Needless to say, there is a lot of kicking and foul play as each side tries to intimidate the other.
In a funny exchange, Meehan takes two free kicks in succession directed at Ratchett’s crotch.
Chances go begging from each side, as neither side is able to make a breakthrough.
There is a running gag of Monk coming out of his line and putting his team in danger (along with Monk imagining in black and white committing violent acts on the guards), but all his teammates are afraid of telling him to do otherwise.
Finally the Prisoners take the lead as Meehan volleys in the opener. Shortly afterwards Ratchett instigates a general fight that involves everyone. The halftime whistle ends this and the teams go to their locker rooms.
The Governor, having bet on the Guards, senses defeat and worse (given his gambling debts). He enters the Guards locker room and threatens the entire squad with their jobs.
He then has a private meeting with Meehan, instructing him to throw the game. He blackmails Meehan by claiming that he has a written confession from Nitro, which specifies that it was Meehan who had sent Doc to his locker to have him killed.
This could potentially get him up to 20 years.
A distraught Meehan goes back onto the field but he is out of sorts and makes virtually no effort. The Prisoners are handicapped further when Raj gets sent off, leaving them one man short. Despite this, The Cons manage to score a second goal.
It is at this point that Monk’s antics cost the team. He tries to dribble his way out of his box (a la Rene Higuita) and gets dispossessed and the guards pull one goal back.
Meehan feigns and injury to get off, much to the dismay of ‘Massive’ who senses the obvious.
Afterwards Ratchett scores a goal to level the match at (2-2). Slowly Meehan’s pride and anger takes over and gets back on the field determined to win.
Despite the initial mistrust of his own teammates, he starts to make inroads and wins balls and creates chances.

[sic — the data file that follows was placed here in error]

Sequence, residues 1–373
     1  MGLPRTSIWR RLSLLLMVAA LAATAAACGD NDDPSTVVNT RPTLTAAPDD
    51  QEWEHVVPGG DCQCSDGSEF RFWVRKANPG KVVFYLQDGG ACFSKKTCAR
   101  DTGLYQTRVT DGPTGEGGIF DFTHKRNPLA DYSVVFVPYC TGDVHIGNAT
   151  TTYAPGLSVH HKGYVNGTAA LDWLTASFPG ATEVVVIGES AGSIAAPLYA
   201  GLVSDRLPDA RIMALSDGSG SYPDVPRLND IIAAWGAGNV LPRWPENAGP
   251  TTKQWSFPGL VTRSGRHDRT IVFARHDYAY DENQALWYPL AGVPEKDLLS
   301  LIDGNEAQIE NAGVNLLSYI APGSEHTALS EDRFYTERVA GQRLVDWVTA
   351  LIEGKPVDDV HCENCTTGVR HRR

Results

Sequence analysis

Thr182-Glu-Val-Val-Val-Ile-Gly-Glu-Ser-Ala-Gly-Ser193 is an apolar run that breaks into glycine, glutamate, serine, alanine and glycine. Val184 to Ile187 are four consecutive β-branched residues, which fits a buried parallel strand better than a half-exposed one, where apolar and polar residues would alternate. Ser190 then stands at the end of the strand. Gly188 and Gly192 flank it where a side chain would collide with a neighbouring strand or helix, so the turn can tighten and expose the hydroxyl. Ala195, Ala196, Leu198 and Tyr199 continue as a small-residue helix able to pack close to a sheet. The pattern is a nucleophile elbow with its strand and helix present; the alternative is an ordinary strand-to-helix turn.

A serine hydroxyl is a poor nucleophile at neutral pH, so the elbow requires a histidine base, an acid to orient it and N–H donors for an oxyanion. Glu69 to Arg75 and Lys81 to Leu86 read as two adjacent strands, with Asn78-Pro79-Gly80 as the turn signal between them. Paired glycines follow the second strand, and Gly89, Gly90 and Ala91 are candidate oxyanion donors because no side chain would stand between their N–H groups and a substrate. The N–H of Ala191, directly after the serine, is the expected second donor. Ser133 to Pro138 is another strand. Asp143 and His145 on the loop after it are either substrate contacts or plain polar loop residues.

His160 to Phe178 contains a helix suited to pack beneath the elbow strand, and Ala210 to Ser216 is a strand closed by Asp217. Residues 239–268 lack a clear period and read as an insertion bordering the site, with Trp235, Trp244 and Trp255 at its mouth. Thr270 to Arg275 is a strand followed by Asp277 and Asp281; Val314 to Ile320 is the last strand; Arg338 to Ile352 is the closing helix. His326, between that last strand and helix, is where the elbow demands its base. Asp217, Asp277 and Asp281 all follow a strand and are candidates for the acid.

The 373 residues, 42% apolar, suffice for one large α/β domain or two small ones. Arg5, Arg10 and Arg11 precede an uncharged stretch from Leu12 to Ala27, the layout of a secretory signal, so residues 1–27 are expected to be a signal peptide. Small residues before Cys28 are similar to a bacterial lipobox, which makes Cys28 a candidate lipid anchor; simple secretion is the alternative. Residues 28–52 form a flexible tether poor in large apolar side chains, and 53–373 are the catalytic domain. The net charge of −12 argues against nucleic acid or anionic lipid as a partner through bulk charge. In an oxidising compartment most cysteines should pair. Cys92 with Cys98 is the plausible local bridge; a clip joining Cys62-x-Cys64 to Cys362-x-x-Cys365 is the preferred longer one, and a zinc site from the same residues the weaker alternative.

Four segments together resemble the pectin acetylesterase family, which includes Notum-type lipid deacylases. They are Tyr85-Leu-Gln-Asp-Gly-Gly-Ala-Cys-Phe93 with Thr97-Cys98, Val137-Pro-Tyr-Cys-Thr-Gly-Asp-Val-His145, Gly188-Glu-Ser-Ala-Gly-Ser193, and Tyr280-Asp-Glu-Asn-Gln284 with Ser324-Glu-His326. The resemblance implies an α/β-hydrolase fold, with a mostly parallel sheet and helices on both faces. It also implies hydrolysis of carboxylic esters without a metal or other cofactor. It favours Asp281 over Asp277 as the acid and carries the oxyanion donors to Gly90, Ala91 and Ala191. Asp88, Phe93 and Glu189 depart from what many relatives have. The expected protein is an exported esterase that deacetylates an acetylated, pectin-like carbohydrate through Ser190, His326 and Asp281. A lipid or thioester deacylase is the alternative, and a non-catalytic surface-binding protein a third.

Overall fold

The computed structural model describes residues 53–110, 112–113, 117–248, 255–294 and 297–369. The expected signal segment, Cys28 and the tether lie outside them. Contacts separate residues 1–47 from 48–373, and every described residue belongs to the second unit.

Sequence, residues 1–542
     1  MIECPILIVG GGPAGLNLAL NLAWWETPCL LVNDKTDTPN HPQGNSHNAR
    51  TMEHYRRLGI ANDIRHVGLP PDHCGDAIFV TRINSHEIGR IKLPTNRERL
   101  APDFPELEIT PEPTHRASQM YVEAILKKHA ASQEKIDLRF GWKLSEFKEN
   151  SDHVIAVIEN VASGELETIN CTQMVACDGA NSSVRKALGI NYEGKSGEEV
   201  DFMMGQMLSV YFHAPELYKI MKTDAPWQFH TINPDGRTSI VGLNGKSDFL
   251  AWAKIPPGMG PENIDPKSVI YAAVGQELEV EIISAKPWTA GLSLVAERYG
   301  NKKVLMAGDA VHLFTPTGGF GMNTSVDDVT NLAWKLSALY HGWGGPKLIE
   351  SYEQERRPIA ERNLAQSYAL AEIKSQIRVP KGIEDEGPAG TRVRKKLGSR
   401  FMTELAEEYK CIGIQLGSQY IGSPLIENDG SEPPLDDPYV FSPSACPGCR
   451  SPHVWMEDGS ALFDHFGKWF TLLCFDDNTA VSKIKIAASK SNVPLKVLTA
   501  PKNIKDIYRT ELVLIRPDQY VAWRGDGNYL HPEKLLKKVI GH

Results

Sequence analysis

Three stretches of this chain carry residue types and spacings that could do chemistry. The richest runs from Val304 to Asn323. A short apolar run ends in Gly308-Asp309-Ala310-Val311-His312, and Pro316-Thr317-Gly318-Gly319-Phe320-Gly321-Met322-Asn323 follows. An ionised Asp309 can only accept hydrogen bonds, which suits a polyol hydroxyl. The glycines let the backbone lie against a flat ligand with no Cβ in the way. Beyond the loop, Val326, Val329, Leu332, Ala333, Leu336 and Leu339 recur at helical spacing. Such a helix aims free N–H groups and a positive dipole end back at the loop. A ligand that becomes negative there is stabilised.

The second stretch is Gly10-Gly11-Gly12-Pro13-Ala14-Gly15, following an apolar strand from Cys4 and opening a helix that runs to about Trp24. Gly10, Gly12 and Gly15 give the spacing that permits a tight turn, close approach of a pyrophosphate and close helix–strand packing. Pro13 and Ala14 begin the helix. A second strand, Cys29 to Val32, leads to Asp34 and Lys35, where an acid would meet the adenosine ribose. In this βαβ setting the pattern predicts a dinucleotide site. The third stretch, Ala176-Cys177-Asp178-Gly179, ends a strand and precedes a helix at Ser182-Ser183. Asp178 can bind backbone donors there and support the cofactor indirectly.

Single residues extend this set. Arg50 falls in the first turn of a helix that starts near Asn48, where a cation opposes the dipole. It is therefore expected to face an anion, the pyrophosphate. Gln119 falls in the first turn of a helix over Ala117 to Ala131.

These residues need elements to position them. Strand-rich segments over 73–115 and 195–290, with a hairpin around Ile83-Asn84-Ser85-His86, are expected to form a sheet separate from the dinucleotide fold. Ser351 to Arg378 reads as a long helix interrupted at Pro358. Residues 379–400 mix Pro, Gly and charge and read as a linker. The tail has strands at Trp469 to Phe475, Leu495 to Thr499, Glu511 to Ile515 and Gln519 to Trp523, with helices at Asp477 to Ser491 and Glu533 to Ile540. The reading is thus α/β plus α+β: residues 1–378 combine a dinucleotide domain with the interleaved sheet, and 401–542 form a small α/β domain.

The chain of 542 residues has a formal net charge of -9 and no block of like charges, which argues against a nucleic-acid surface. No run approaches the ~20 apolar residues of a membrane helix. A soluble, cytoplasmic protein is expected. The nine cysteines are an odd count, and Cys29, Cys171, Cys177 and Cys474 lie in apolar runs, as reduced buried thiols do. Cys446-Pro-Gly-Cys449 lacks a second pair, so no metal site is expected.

It all seems for naught as the Guards are awarded a free kick in the last minute. Monk heroically saves the effort and in the ensuing counterattack Meehan races part everyone and is alone with the open goal at his mercy. After some moment of close-ups on the protagonists, he does not score and instead lays a pass across for ‘Billy the Limpet’ to score the winner with the last kick of the match.
At the end of the match, the Governor threatens Meehan but Burton steps in and fights back with the Governor. Burton honorably congratulates Meehan for a good game. 
Meehan walks away smiling and celebrating with ‘Massive’, with his pride intact.
This film was essentially a vehicle for former Professional Vinnie Jones, who had recently turned to acting.
Ironically Jones plays a fairly level headed character, which was in contrast to his fiery and controversial character of his playing days.
In addition, Vinnie Jones’ character is an English National team player, whereas in reality Jones was a prospective Irish National Team player who earned International caps for Wales.
‘Mean machine’ is fairly predictable, irrespective of whether anyone has seen the original ‘The Longest Yard’. It follows the general narrative of a fallen hero earning redemption to claw his way back to respectability. Although, it is not necessarily a comedy, it does have a lighter tone.

1-A remake of the Original  ‘The Longest Yard’ was also made in 2005 starring Adam Sandler in the Burt Reynolds role.